Were we making the right choice never entered my mind – mansion, new build or cottage the anticipation was great and was, I thought, similar to the first day back at school or starting to write a new novel.
This time the muddle we created doesn’t get any better after three weeks of taking possession the removal boxes await my attention, loads of them. My theory is that at night they have orgies and create more boxes to empty.
It’s not as if we are dumbing down, no way, this house is larger than move number 29 was, so sorting should be easier. Wrong! This house is cluttered to the roof top with my things.
‘ You own too much, you’ve got to get rid of some stuff . . .’ This is the opinion of my long suffering daughter who is already custodian to loads of books, coffee tables, curtains and linen. It’s easy to say but hard to do. How can I possibly choose when most of my stuff – how I hate that word - for what is stuff to some is treasure to me.
For example, I have some hideous ornaments of dogs – presents from my children when young, how can I throw them away? I have virtually every birthday, valentine and Christmas card sent me. I have hats I never wear but remind me of the day I wore them and the happiness I encountered. I do sometimes throw things out – witness the scores of champagne bottles I once jettisoned, it was hard for on each one I had written what we had been celebrating when we had drunk it.
Then there are the paintings. I love them all, the walls of my homes are normally crowded with them, each one tells me where it wants to go – I used to hang them myself, now the arthritis in my elbows won’t let me so they stand forlorn waiting to put up. Old age is not for wimps my friend Felicity told me.
I’d best not start on the clothes. Suffice to say the optimist I am always hopes I will one day get in those that are too small for me, and the logical me says best to keep everything that is too big incase I get larger. To compound the problem I’ve bought some new – mainly to cheer me up.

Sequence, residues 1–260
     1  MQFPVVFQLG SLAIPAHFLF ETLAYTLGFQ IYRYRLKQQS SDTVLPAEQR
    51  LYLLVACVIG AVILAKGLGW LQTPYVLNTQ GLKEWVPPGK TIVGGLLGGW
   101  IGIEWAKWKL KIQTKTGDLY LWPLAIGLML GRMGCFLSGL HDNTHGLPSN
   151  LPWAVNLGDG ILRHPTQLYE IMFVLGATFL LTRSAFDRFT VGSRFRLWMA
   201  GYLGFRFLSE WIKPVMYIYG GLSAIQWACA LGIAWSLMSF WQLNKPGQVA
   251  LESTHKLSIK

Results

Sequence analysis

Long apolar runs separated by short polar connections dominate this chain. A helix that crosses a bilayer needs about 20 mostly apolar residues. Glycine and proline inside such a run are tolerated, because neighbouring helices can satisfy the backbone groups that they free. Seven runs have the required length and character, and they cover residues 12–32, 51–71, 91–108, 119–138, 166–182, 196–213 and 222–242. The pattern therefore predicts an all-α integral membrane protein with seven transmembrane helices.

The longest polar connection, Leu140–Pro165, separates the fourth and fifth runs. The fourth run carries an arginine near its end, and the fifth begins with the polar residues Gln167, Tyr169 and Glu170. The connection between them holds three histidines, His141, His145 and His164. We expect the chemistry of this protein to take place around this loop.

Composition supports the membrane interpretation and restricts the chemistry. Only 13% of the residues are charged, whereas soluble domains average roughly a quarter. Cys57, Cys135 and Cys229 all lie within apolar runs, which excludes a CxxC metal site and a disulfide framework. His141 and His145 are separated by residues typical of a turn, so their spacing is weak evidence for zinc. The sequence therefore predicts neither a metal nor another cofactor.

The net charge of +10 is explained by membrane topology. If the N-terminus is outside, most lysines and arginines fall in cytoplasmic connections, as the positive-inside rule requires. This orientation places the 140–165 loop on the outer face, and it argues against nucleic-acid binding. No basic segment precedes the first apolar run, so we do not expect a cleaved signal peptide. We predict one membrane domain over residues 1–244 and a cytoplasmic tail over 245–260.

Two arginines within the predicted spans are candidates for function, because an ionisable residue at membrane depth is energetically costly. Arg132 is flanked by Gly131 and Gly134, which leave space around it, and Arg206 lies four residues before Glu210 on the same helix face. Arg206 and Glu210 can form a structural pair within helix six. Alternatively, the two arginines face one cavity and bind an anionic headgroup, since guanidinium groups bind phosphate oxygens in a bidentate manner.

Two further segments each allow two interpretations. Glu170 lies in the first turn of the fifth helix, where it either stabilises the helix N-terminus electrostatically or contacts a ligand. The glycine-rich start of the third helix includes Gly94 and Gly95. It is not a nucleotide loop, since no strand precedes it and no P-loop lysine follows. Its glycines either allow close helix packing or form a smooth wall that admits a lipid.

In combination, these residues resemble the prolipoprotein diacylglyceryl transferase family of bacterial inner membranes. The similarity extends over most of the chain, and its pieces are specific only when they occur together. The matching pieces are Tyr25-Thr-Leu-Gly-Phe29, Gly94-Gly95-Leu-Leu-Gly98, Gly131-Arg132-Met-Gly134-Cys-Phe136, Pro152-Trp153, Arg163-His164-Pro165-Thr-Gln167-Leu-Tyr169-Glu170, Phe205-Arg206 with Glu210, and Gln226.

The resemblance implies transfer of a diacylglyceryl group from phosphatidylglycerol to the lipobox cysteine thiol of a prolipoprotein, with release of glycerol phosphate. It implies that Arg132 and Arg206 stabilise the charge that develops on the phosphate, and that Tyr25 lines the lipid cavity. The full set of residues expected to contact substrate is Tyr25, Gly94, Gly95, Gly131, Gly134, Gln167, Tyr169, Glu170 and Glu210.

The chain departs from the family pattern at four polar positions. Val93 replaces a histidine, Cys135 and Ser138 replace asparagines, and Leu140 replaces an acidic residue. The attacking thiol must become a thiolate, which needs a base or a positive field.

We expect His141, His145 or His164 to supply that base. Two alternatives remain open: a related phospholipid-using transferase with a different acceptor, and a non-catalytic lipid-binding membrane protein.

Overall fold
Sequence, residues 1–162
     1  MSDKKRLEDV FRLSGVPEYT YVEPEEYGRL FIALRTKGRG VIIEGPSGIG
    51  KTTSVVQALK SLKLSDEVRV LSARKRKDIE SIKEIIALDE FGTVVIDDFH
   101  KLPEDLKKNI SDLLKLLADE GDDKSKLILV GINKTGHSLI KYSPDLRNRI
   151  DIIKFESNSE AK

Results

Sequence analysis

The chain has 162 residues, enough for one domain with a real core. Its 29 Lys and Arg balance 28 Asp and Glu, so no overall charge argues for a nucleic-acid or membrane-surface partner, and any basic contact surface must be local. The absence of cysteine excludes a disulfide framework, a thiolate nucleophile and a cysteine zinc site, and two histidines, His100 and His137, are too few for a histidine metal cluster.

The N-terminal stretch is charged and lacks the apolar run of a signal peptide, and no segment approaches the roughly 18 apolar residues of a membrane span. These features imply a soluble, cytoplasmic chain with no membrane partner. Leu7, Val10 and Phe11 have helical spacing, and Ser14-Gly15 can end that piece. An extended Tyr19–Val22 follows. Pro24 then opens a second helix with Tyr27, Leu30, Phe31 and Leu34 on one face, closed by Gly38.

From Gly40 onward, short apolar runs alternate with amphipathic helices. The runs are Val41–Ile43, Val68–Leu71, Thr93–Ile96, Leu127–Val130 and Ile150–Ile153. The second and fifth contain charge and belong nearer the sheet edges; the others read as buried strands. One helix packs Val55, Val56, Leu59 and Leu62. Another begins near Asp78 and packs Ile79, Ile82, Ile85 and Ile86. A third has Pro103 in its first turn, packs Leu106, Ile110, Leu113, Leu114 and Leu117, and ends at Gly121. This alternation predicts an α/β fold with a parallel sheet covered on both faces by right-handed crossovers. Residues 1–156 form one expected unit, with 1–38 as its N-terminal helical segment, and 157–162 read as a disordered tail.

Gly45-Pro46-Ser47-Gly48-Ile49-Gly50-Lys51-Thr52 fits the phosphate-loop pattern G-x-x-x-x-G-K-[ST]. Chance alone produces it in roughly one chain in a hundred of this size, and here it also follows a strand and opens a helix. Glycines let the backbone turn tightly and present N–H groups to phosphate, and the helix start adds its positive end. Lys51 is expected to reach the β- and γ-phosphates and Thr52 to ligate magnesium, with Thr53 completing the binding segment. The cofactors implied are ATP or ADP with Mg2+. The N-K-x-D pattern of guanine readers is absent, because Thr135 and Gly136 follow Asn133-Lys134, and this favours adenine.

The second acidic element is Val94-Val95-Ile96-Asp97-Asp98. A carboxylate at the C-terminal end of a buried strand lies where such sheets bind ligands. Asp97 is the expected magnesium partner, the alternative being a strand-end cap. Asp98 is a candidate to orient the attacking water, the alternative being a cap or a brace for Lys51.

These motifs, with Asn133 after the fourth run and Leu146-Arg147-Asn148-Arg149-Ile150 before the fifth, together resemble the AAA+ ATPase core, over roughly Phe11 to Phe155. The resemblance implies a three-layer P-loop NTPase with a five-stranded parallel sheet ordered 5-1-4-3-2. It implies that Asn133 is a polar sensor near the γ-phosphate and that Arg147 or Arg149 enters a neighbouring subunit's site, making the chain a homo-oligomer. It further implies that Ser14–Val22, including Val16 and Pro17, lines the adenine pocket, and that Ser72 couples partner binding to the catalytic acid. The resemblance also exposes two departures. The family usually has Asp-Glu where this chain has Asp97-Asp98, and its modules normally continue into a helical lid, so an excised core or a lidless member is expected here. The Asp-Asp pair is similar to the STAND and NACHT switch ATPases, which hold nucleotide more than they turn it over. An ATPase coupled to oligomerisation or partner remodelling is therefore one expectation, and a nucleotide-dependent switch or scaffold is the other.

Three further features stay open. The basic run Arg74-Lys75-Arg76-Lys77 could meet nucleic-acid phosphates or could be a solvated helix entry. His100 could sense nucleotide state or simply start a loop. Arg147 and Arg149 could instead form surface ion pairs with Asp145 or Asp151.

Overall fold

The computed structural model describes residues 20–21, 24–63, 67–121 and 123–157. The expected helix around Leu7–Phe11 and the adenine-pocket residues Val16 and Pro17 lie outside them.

I am tired of the struggle. Fed up with doing too much. Fearful of the knowledge that I can no longer do what I used to do. Am I old? Too old for this moving lark.
Depression loomed large until a friend’s mother said it was time I acknowledged I was old. Unwittingly she is my savior. Old? Me? B******* say I as I open yet another box
Sunday, 9 February 2014
The Silly Things We Say
"It’s a small world we live in," I said the other day to my friend Andrew.
"What a cliché. Can't you think of something more original to say than that?” he growled. Poor soul, I begin to feel sorry for him for he's reached the age when he’s beginning to show definite signs of turning into a grumpy old man.
‘The problem is they are clichés because they say what is true and so are often repeated.” I responded, feeling quite grumpy myself as my position as a writer appeared to be under attack and, in my opinion, wrongly for this really was a case in point - I’d just discovered that a friend’s great-grandfather had had an affair with another friend’s great-grandmother and my mother-in-law knew them both - now is that strange or is that strange?
Mind you, these were exceptional circumstances when only a cliché would do. However it got me thinking about sayings in general. And we really do use some odd ones.
Lets imagine a middle aged woman who has just discovered that her husband has run off with his secretary who is a good two decades younger than her, far prettier and also fun. A splendid rant at the unfairness of it all is called for which makes her feel a lot better until a friend pipes up with -